I am not convinced that this is quite as bad as it is presented. The initial conditionality of the Copenhagen Criteria did bring in a minority legislation which would not be there otherwise. The question is rather about why conditionality ceases to be scrutinized after the accession when it is more than evident that all member states (not postcommunist ones only) frequently do not adhere to the ethos and norms of the European Union. Agarin and Cordell write that "European integration and normative convergence into a coherent regime for ethnic diversity management based on non-discrimination have largely failed to challenge the nation-based model of state consolidation, democratization and European integration inside the EU" (p. 93).
If one of the aims of this book was to make academics and policymakers assess the impact of postcommunist domestic institutions on the implementation of the European minority-rights regime, Agarin and Cordell have succeeded very well. The methodological framework of three-level analysis—sub-state politics, domestic/national policymaking, and European norms fixed in international agreements—serves well the authors' argument that minority interests were undermined at all three levels. The structure of the book and the case studies endorse this main theme and perhaps more interestingly, also show the good intention of the European Union to grant minorities a degree of protection and the pre-accession willingness of domestic actors to comply with these requirements.
The goodwill and good intentions and existing norms and policies do not appear to have led to a change of attitude toward minorities and consequently have failed to improve the position of minorities—particularly in the case of Roma—new migrants, and refugees in any substantive way.
Agarin and Cordell's book is compelling for those who are not familiar with minority-protection policies and the dynamics preventing a full implementation of European norms in postcommunist Europe. For those familiar with the interaction between domestic and European structures at the policymaking level, the book is a reminder of the fundamental tension between the nationalism-transcending ethos of the European Union and the latter’s own structure institutionalizing the nation-state.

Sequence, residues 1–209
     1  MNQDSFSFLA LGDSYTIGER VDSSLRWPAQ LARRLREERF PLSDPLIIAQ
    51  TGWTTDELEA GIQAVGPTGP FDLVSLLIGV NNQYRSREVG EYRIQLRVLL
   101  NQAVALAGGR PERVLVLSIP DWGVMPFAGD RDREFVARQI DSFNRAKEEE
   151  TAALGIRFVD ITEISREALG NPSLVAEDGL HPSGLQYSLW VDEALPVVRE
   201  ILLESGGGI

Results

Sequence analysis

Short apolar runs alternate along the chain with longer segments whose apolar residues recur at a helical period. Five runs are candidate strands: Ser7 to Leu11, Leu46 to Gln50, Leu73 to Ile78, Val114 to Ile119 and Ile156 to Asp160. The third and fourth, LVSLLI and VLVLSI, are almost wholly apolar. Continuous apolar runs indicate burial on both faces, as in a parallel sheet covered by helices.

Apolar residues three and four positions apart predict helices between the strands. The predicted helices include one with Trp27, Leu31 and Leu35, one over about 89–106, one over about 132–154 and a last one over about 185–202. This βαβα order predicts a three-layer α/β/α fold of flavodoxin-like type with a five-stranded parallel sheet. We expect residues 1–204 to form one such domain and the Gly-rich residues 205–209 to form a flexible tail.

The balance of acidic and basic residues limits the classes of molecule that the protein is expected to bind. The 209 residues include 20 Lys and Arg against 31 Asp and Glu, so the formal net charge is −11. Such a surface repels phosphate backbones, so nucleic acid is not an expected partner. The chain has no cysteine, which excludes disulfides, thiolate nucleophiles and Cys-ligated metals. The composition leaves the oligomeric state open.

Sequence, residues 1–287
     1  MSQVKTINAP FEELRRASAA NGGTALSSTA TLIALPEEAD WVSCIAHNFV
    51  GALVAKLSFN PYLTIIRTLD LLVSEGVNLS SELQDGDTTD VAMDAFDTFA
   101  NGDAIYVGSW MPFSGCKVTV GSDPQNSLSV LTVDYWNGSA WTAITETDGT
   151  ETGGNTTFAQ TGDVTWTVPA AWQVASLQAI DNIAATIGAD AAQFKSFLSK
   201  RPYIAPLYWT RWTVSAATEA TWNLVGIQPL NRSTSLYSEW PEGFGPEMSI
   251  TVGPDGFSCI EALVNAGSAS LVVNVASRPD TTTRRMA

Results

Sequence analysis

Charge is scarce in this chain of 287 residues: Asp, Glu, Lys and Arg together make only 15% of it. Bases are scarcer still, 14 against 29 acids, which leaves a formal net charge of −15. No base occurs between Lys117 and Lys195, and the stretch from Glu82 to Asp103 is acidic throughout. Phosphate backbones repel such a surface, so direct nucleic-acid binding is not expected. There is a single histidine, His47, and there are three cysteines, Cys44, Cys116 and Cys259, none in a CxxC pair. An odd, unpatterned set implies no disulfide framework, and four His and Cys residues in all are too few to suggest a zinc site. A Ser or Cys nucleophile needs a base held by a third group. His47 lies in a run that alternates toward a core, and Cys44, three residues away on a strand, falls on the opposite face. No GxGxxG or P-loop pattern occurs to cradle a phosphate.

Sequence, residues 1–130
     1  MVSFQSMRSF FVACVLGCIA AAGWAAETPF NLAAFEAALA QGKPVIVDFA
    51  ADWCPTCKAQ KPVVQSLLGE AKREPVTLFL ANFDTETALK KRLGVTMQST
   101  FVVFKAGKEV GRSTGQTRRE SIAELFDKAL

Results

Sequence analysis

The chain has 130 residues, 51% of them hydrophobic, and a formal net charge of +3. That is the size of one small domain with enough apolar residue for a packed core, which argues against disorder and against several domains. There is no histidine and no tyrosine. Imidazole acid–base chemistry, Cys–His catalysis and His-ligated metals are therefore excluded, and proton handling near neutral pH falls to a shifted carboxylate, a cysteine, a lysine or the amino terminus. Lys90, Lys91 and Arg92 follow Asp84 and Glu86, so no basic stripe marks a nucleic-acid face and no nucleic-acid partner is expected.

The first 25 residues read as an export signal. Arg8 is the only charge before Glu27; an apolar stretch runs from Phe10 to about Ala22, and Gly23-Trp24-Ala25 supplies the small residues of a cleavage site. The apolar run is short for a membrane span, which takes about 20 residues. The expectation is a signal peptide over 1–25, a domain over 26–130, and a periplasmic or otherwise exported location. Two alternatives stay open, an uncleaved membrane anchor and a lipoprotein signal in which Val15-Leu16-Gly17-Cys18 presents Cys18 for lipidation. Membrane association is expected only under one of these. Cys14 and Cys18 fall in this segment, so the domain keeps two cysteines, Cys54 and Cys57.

European integration aided the establishment of democratic governance in postcommunist Europe. Perhaps inadvertently, it reestablished the notion of nation-states as "serving primarily their majority in order to guarantee the stability of the overall intergovernmental system of the Unio" (p. 101). There is a tension at the heart of the Union: its norms require solidarity of citizens across the borders of its member nation-states, but the implementation of these norms, particularly in minority protection, relies on domestic structures of the nation-state, which continues to serve its majorities and venerate its sovereignty.
The current crisis of the European Union, Brexit, the rejection of refugee quotas by central European states, the rise of far-right nationalist parties, and the ever-growing appeal to national interest over European solidarity all point in the direction of this fundamental tension in eastern and western Europe alike. Thus, the only weakness of this overall excellent book is its focus on postcommunist Europe rather than on Europe (as the title somewhat misleadingly suggests), in which all states are European in form, but national in content.
. Erika Harris, "What is New about 'Eastern Nationalism' and What Are the Implications for Studies of Ethnicity Today?," Nationalism and Ethnic Politics 18, no. 3 (2012): 337-357.